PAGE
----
Floodplain is a data liberation platform! In a nutshell, you point it to a database, floodplain will receive all changes to that database (even logically speaking all the changes that have occurred up to that point), then it will optionally transform those changes in some way, and finally it will push those changes to another database.
So that gives us a new, near-realtime updated materialized view in a new database.
It’s closest competitor would be KSQLdb. Where KSQLdb implements a SQL variant, we chose for a more general purpose language. Which works better for you will obviously depend on use case and personal preference.
First of all, KSQL(db) is much more mature, and Floodplain is very much alpha. KSQLdb is developed by Confluent, the company behind Kafka, where Floodplain is develped as an unpaid open source project by a tiny team.
So while not nearly as mature as KSQL, there are reasons to favor Floodplain’s approach though:
Perhaps personal taste, but I don’t like SQL much. It has served the world well, and there are many very skilled people who can do amazing things with it, that does not necessarily translate to being the best choice for essentially a new field.
The streaming SQL version of KSQL is another extension of an already pretty weak standard, while different versions of SQL seem similar, switching between implementations is far from painless, and the superficial similarities actually make it more confusing.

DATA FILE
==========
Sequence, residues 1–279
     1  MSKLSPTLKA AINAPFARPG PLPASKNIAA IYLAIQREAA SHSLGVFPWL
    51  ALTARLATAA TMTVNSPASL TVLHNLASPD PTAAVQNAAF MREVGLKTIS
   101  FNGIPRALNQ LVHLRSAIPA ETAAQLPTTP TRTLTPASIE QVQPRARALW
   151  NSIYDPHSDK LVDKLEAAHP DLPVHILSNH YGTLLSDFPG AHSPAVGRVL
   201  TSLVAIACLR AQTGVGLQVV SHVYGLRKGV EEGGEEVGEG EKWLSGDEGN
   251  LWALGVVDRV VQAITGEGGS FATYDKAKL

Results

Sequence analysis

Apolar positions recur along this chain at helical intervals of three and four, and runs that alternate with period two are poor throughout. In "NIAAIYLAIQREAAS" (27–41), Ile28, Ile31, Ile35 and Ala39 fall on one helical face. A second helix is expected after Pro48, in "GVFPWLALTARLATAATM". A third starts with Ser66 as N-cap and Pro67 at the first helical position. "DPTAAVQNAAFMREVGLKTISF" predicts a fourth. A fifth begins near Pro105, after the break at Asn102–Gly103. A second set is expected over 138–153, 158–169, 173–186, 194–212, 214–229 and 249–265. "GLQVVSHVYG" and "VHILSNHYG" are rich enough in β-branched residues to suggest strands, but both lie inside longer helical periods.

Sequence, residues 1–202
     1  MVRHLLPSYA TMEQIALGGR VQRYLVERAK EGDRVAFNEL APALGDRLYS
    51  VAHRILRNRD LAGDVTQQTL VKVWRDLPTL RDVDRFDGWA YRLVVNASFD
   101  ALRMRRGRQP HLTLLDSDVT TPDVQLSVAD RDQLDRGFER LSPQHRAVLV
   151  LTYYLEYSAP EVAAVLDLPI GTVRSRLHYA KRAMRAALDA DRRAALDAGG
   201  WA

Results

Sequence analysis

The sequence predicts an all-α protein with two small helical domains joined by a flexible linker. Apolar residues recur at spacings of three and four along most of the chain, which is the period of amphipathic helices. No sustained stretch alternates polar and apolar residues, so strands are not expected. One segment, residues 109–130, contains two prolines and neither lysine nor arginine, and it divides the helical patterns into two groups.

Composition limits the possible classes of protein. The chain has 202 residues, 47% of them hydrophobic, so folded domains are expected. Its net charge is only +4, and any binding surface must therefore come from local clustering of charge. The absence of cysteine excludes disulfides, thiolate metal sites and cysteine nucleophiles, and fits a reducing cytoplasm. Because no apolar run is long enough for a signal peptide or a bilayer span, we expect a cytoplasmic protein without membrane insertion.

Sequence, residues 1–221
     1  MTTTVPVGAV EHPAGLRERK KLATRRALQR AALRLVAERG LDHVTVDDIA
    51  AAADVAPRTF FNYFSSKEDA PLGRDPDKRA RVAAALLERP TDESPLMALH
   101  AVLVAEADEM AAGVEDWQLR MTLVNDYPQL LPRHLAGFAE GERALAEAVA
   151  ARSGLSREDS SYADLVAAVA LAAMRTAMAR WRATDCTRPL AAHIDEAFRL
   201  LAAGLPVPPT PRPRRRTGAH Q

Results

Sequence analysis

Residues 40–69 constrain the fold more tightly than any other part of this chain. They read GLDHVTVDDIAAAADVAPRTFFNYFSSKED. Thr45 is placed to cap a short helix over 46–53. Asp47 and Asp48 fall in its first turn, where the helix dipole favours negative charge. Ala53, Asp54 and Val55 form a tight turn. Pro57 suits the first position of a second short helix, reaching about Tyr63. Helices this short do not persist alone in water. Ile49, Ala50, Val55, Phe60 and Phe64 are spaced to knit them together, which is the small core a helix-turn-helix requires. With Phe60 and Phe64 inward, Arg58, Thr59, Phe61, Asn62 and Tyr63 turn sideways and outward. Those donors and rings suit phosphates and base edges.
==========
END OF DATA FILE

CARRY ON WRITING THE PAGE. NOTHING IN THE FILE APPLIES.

And we think that embracing a new language seems more effective than forcing a query language further and further into a non-query domain. Also static analysis of SQL is tricky, as is IDE integration. A modern and statically typed language language can help the developer so much better.
KSQL is working on improving this, integrating existing code into Floodplain streams is much easier. All stateful and stateless transformations are just Kotlin and Java code, so it is much more straightforward to integrate.
- What is it good for?: When you need another, different materialized view on your database. Maybe you don’t like working with your original database, but changing it is too invasive. Maybe you want to have much bigger read scale than your current database can handle.
Or even: You have an existing application that runs fine but you don’t want to touch the code with a 10 foot pole.
- What is it not good for?: If eventual consistency is a problem, Floodplain is not for you. Whenever a transaction happens in the source database, the changes pass through Floodplain into the target database at some point. How long that is depends on a lot of things. Usually it is milliseconds, sometimes longer.
If you have an application that is hitting the limit of write traffic it can take, Floodplain will probably not help. If writing to a database is a problematic without Floodplain, it is probably problematic with Floodplain. The only situation where Floodplain might help is when the source database is struggling dealing with the combination of read and write traffic. In that case you could move most (remember: eventual consistent) read traffic to the destination database.
- What is it not yet good for?: Floodplain only used single partition topics for now.
Where should I go next?
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